Welcome to European Tribune. It's gone a bit quiet around here these days, but it's still going.
As usual we will laugh about this kind of doom day predictions in 10 or 20 years.
by fredouil (fredouil@gmailgmailgmail.com) on Fri Oct 26th, 2007 at 01:11:57 AM EST
That alone is not a good reason to be optimistic. Today's risks do not depend on how often hothead doomsayers were wrong previous times. There are quite a few reasons to be concerned that the circumstances are changing fast now.

If disastrous developments are just around the corner, how could we anticipate that? Who is qualified to talk about dooms?

by das monde on Fri Oct 26th, 2007 at 03:44:49 AM EST
[ Parent ]
and often mock the absurd screeches of doom that frequently circulate through the press. I have good reason for some - it is hearsay and speculation backed up all too often by zero amount of testable evidence. Comparisons to acid rain and dying forests, the ozone hole and so on are apt in that regard.

There is, however, one looming big difference.

Acid rain was addressed (although far from actually being solved).

The ozone hole was addressed and seems today to be stabilising.

The GHG, which at minimum intensify global warming and at maximum drive the whole process, are still not properly addressed, and total GHG concentration is still ramping up and accelerating. The doom scenarios ramp up accordingly.

It's chaos theory - and the longer the earth is exposed to it, the more erratic it can get - I do think that.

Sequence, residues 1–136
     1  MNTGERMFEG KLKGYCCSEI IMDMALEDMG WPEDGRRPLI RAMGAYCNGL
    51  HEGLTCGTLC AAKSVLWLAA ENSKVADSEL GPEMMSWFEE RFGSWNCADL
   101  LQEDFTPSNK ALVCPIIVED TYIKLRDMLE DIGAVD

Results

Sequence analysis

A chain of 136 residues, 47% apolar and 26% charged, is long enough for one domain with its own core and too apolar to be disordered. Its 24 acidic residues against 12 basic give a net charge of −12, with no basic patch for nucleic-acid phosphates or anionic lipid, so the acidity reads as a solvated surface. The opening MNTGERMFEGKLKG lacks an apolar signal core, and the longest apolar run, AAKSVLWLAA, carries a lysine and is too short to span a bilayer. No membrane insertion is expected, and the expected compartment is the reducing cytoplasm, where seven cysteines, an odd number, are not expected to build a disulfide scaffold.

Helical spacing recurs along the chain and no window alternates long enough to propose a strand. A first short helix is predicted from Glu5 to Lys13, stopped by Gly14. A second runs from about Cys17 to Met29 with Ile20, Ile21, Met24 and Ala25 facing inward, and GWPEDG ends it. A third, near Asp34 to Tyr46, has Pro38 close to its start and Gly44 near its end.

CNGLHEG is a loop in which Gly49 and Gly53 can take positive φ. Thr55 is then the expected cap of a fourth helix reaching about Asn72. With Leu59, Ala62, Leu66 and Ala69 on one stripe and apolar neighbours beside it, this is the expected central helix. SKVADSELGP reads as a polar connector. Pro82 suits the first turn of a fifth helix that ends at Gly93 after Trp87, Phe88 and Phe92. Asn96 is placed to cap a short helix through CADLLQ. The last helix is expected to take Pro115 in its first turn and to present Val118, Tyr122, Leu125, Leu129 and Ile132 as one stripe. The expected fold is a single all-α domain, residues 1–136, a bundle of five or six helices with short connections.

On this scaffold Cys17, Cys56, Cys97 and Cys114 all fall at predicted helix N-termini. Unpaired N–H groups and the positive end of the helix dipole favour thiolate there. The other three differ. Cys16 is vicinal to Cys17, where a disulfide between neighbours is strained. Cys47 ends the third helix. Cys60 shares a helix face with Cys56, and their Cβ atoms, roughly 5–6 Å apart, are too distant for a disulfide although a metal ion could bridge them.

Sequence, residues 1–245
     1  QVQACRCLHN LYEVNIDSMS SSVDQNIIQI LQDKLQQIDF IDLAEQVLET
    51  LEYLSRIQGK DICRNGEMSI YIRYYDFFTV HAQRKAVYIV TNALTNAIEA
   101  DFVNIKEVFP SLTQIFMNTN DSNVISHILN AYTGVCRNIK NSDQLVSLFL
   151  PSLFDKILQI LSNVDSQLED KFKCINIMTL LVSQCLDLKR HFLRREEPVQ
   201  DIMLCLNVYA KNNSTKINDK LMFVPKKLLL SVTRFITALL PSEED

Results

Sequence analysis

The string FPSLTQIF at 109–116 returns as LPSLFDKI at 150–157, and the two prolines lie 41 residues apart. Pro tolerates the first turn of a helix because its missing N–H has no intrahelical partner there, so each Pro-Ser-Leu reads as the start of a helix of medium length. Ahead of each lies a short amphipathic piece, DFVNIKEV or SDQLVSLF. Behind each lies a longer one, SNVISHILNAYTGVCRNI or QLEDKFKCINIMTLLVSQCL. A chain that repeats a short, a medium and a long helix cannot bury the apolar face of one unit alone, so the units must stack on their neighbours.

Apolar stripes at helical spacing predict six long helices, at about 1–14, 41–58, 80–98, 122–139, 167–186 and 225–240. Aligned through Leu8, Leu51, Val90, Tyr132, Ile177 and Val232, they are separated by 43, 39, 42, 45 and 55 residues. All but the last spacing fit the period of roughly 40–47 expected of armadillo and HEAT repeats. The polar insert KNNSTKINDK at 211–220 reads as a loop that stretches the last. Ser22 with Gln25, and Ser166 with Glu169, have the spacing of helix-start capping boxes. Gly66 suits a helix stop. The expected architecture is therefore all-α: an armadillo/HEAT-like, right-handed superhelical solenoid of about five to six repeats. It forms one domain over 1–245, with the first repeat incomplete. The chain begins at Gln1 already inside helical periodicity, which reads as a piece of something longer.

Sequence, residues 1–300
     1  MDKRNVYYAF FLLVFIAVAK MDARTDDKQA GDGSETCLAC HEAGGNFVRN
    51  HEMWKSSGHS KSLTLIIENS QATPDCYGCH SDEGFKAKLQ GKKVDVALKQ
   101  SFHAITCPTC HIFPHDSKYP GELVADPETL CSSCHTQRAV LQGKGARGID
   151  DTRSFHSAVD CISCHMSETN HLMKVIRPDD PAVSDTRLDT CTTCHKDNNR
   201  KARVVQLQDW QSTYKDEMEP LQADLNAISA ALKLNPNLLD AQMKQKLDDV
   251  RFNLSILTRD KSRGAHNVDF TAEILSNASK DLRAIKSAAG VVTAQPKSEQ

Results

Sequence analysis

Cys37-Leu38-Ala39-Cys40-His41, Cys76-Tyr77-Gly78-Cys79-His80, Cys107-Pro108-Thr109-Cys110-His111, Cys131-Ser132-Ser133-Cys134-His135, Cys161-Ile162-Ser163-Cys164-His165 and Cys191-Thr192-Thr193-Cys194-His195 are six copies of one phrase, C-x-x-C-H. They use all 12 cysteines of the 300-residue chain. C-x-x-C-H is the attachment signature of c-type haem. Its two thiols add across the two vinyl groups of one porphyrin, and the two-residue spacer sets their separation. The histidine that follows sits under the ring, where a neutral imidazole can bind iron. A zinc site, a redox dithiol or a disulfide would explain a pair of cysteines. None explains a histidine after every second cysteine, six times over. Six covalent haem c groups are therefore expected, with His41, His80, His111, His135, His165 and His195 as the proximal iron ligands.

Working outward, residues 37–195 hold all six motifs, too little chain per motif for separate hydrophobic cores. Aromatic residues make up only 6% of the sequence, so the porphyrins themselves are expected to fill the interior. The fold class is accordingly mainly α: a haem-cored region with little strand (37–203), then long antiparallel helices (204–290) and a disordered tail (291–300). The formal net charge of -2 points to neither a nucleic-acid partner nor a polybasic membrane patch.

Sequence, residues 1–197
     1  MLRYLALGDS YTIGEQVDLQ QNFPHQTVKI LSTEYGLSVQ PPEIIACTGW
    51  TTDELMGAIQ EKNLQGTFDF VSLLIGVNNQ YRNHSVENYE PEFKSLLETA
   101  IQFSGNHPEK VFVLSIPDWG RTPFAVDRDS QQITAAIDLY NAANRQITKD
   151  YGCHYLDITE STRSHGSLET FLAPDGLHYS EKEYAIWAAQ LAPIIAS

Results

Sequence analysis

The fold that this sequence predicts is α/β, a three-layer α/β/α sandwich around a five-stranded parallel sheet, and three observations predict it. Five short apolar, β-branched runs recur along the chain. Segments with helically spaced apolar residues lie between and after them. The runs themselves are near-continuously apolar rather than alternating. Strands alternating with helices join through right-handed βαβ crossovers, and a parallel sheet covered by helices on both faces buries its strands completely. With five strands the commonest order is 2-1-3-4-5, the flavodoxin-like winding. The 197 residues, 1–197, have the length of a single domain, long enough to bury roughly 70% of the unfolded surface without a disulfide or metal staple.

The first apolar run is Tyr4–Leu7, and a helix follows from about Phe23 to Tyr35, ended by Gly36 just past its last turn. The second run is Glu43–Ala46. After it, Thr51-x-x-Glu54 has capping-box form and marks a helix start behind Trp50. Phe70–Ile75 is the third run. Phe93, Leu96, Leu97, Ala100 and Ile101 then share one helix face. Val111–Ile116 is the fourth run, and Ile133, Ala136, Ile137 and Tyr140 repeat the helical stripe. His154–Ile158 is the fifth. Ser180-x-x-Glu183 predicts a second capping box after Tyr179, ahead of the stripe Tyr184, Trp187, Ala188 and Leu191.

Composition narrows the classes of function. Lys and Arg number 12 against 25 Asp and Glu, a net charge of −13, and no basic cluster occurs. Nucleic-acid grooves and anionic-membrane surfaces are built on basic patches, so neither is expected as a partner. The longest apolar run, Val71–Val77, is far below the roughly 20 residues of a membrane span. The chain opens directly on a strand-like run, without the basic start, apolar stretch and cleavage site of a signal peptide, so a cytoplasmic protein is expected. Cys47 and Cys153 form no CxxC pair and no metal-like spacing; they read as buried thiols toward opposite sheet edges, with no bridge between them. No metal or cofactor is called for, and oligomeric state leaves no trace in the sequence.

by Nomad on Fri Oct 26th, 2007 at 05:56:50 AM EST
[ Parent ]
The level of linearity of the climate is a clear worrrying question.. pity is too technichal... most models should work fine thinking in decade terms ... if the models are correct...

The problem is that there might be some term we do not foresee or that the level of linearity breaks down sooner than expected and irrelevant forces became stronger..

Difficult to foresee... but the more we push the parameters (as the CO2 in the atmosphere..) the more changes we will find vey upleasant scenario..

that is why glboal warming will be either a grave phenomena or a catastrophe in 100 years... who knows?

A pleasure

I therefore claim to show, not how men think in myths, but how myths operate in men's minds without their being aware of the fact. Levi-Strauss, Claude

by kcurie on Fri Oct 26th, 2007 at 07:07:36 AM EST
[ Parent ]
Discontinuity in the dose-response relationship is a frequent phenomenon for many kinds of pollution. A typical example is the release of a toxic agent in a river. At low to moderate levels, an increase in concentration will cause a proportional increase in the mortality of fish. Beyond a certain threshold, however, there is a jump to a new state and nearly all fish die.

We might be reaching such a threshold for climate gases, as the earth system's capacity for taking up CO2 is diminishing. See this guardian article.

by nanne (zwaerdenmaecker@gmail.com) on Fri Oct 26th, 2007 at 09:51:10 AM EST
[ Parent ]
Acid rain was addressed (although far from actually being solved).

The ozone hole was addressed and seems today to be stabilising.

And, as I reported in a comment last week, some bozo in a Spanish morning radio debate was using the fact that the ozone hole was addressed to argue against the reality of global warming. "Weren't we supposed to have fried because of the ozone hole? And yet here we are!"

Pundits! Darn you all to Heck!

We have met the enemy, and it is us — Pogo

by Migeru (migeru at eurotrib dot com) on Wed Oct 31st, 2007 at 05:35:13 PM EST
[ Parent ]
The climate scientists are indeed wrong.  Unfortunately their error has been to UNDERESTIMATE the rate of arctic melting.  

I am not really sure how you spin optimism out of THAT.  

The Fates are kind.

by Gaianne on Sun Oct 28th, 2007 at 03:50:39 AM EST
[ Parent ]


Top Diaries

Occasional Series